If you look at a list of the most popular websites in the world, the vast majority of them are community-driven sites where visitors share content and participate in some kind of discussion or interaction.

Whether visitors are sharing videos (YouTube) or links (Reddit), or just engaging in question and answer about any topic under the sun (Yahoo Answers), there is a huge amount of value in cultivating an active user base that is constantly helping add new content to your website.

For a company that wants to maintain control over its brand image, encouraging user generated content might seem like a double edged sword – but when it is moderated and cultivated properly it can pay off.

How so?

64% of IT professionals claim user generated content helped them solve problems at work through experience-based advice (here's the source). Communities can help deepen relationships with stakeholders and decision makers.

Using a Forum to Super-Power your Site

By far, the best way to create and curate user generated content is through a forum.

Many companies operate effective forums on their own site – often opening them up to the public as well as their current users. For example, a software company might create a forum that registered users can post their questions to – allowing users to learn more about the software while also creating a permanent record of the service/support interactions that you are providing so people that search for the same issue in the future won’t have to create a separate support ticket.

By opening this type of forum up to the public, you get an SEO benefit (all of the new content is included in your total site footprint) as well as the public relations benefit since visitors to your forum will see that you take an active interest in solving customer problems.

Over time, you might even have customers that become so skilled on your product that they start offering support to other customers, creating a self-sustaining ecosystem around your product that can greatly ease the workload of your customer service department.

A good example of a B2B company that has created a "forum" is American Express' OPEN forum, a community where entrepreneurs can exchange advice on issues.

Take action: How can a forum of community benefit your company? By providing a place where industry practitioners, including your prospects, can exchange ideas and advice, it will strengthen your company's credibility and standing in the marketplace.

An easy way to get started? Create a LinkedIn Group about an industry topic and invite connections to join and interact.

Experience Stories and Case Studies

For a B2B company, one of the best ways of creating user-generated content is to build partnerships with clients and vendors and to create case studies.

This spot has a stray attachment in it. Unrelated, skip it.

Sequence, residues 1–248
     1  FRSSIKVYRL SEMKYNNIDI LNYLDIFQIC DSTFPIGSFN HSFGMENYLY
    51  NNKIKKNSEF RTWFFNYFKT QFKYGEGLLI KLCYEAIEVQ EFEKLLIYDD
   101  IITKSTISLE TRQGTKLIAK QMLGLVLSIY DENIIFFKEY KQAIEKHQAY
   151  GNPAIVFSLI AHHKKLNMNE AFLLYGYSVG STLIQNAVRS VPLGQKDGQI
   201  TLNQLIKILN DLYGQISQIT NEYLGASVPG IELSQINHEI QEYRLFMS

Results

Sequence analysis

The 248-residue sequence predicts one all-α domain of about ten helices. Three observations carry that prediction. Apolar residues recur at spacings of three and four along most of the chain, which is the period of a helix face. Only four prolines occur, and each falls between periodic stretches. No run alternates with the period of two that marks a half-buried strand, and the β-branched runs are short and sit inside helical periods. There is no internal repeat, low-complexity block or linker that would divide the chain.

Case studies basically tell your prospects and website visitors how someone used your product or service, and how it solved their problem. Case studies are highly effective at encouraging late and mid-stream prospects to try a product or service since they demonstrate that the product/service has already been successfully used by a similar organization.

Strive to build a case study in every industry that you do business in, and consider building your case study requirements into a contract in exchange for a discount.

Since your company will get value out of being able to create a high-quality case study, offer a discount or perk to your client in exchange for helping with the case study and promoting it as needed.

Case studies can be accompanied by videos if you have them, and they can be as detailed or as simple as the customer has time for.

Take action: Ask customers for testimonials and photos of your products in action as you complete projects. Post these on your website as social proof selling tools and share on your social media profiles.

Contests and Social Sharing

One of the hardest challenges if you operate your company website is bringing in “net new” traffic to your website – traffic that has never visited your website before and represents a completely new opportunity.

One of the best sources of this traffic is through the social contacts of your existing customers and clients – but reaching these contacts requires a bit of participation on the part of your customers first.

Contests are a great way to encourage your customers to share pictures, videos, and other content with their social networks – and they can bring in a huge number of prospects that visit your site specifically for the contest and stay for the other content and your product.

Mapcom social media contest example
Mapcom, who sells software to rural telecom companies, used social media to engage followers.

One example of a contest is the tried and true pumpkin carving contest that Marketo puts on every year. Marketo offers a prize to whoever has the best picture of a pumpkin that they carve, as determined by social voting.

This encourages people to carve a pumpkin and to invite their friends and network to vote for their pumpkin – bringing in more traffic to the site and more than paying for the prize that Marketo offers to the winner.

Take action: Contests may seem completely unrelated and ineffective for your manufacturing or B2B tech company. But contests or more "human interest" content makes your company seem more fun and approachable.

Start small. As a part of your social media strategy at trade shows, offer a giveaway for posting a photo of the attendee at your booth on social media.

How else can your company use user generated content to generate interest and forge deeper relationships?

Free Guide - Is outsourcing content creation right for your company?